Could an AI-created profile picture help you get a job?

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How Natalie Choprasert looks in real life, on the left, and her AI-generated photo on the rightImage source, Natalie Choprasert
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There is a trend among young adults to use AI to create professional-looking profile photos

Filters and Photoshop move over, artificial intelligence (AI) is the new trend for creating online profile pictures.

Over the summer a video went viral on TikTok. It was captioned "using this trend to get a new LinkedIn headshot".

In the short clip,, external a young woman shows both how she looks in real life, and the professional-looking headshot photos that she created using an AI-powered app called Remini. The video has now been watched 52.3 million times, and a host of similar ones from other TikTokers have also been extensively viewed.

Remini, and competitors such as Try It On AI and AI Suit Up, use AI-based software to create slick profile photos that aim to look as if they were taken by an expert photographer.

With Remini you are asked to upload eight to 10 selfies, preferably taken from different angles, and all in good lighting. The AI uses those pictures to learn about the way you look.

Then just a few minutes later it will start creating artificial photos of you looking very smart and even glamorous, with your hair in different styles or positions, and you wearing different clothes while sitting in perfect lighting.

It also gives you faultless skin, and improves your make-up. Plus, you get different backdrops. And some users find that it makes them look thinner.

The results are somewhat in the eye of the beholder - some say they are realistic, while others find that the images look artificial.

But while previous online image manipulation trends, such as drastically changing your hair or eye colour, have been about having fun on social media, this one is very much focused on LinkedIn and other job hunting websites.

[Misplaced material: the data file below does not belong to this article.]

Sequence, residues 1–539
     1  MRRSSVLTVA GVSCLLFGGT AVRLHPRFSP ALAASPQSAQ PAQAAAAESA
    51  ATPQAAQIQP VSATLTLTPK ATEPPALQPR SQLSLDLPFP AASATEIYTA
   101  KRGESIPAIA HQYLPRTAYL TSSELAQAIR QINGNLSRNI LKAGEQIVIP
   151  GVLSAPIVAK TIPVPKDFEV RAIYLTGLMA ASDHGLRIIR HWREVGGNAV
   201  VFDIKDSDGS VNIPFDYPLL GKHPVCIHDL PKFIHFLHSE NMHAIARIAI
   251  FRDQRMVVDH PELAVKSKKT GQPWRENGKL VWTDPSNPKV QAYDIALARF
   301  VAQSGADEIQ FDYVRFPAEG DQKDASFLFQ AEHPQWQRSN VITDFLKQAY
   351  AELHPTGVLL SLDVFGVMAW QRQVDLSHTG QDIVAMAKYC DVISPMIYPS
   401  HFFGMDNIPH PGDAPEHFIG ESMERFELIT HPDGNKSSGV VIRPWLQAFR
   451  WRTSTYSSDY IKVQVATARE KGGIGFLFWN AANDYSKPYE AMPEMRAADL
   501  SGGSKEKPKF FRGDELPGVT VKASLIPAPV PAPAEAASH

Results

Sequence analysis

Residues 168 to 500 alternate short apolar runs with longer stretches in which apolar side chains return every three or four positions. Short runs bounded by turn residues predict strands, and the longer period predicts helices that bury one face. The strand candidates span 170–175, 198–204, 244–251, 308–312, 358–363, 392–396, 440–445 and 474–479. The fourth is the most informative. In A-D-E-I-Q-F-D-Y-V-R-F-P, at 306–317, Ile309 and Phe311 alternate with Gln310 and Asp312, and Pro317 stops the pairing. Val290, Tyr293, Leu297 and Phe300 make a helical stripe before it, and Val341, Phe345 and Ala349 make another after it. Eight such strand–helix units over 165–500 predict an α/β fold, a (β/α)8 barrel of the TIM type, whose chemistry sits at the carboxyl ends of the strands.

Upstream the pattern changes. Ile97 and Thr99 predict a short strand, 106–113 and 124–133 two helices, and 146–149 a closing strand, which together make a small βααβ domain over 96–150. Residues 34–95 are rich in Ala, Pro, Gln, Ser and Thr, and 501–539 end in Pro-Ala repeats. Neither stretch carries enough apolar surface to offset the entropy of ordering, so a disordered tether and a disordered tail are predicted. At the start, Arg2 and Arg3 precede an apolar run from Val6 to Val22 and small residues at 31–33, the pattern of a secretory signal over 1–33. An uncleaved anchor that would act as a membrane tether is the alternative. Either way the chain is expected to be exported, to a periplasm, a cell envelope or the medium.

For some the attraction of the AI services is that they are cheap.

Divya Shishodia, 24, a digital marketer, from Australia, says that while AI headshots "are obviously generated, some people might not have the budget to go and get a professional headshot taken".

Image source, Divya Shishodia
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Divya Shishodia, as she naturally looks on the left, and her AI-generated photo on the right

While going to a professional photographer can cost more than £100, Remini and the other providers will generally give you free trials lasting a few days.

"I'm not saying they're the most realistic, but for the amount of time and effort you have to put in... the output is worth it," says Ms Shishodia. She adds that, by contrast, if you try to take a decent profile photo yourself it can be very difficult.

"You need angles, lighting, you are trying to avoid shadows… only actual photographers can do it."

For Michelle Genobisa, 26, from Aalborg, Denmark, it is the low to no cost of the AI generated profile photos that she is on board with.

"I quite often change my looks, like my hair colour… so it was an easy way to collect some pictures with the effect of a professional photoshoot," she says. "To get that kind of photo taken, professionally, it's very expensive."

Others are less impressed by the technology, such as Molly McCrann, a 25-year-old actor from Australia. "I just think it looks so fake, you can tell that it looks heavily edited, or it looks like AI," she says.

Image source, Molly McCrann
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Molly McCrann says her AI version looks obviously fake

"When I posted mine it made me look so skinny, and I don't look like that."

Ms McCrann adds that she thinks it is probably better to show prospective employers what you actually look like.

However, she is also prepared to see the other side of the argument. "Someone wrote a comment that I actually agree with - if this company is going to base off looks, I want to get in the room. And if this is going to get me in the room, then I am going to use AI headshots to get the interview."

But what about the potential impact that AI-improved images can have on our self-esteem? Consumer psychologist Dr Paul Marsden says there are two sides to the issue.

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Users divided over AI generated profile pictures

"On one hand it could allow us to put our best self forward, and the image of ourselves that we want to project to the world, and in turn motivate us to be that way inclined in real life," he tells the BBC.

"The psychology of first impressions is how we make snap decisions based on initial impressions, and by using AI people can put themselves in the running to potentially be considered for an opportunity. On the other hand it could affect people's self-worth and beliefs that they themselves are not good enough comparatively to their AI generation resulting in low confidence."

Do recruiters care? Tristan Barthel from London-based Tate Recruitment has seen a big rise in the number of people using AI to improve their photos.

He says that it makes no difference in how he deals with a person's application. "I can see if a picture has been AI generated, and it wouldn't affect my decision, for me it's about the qualifications."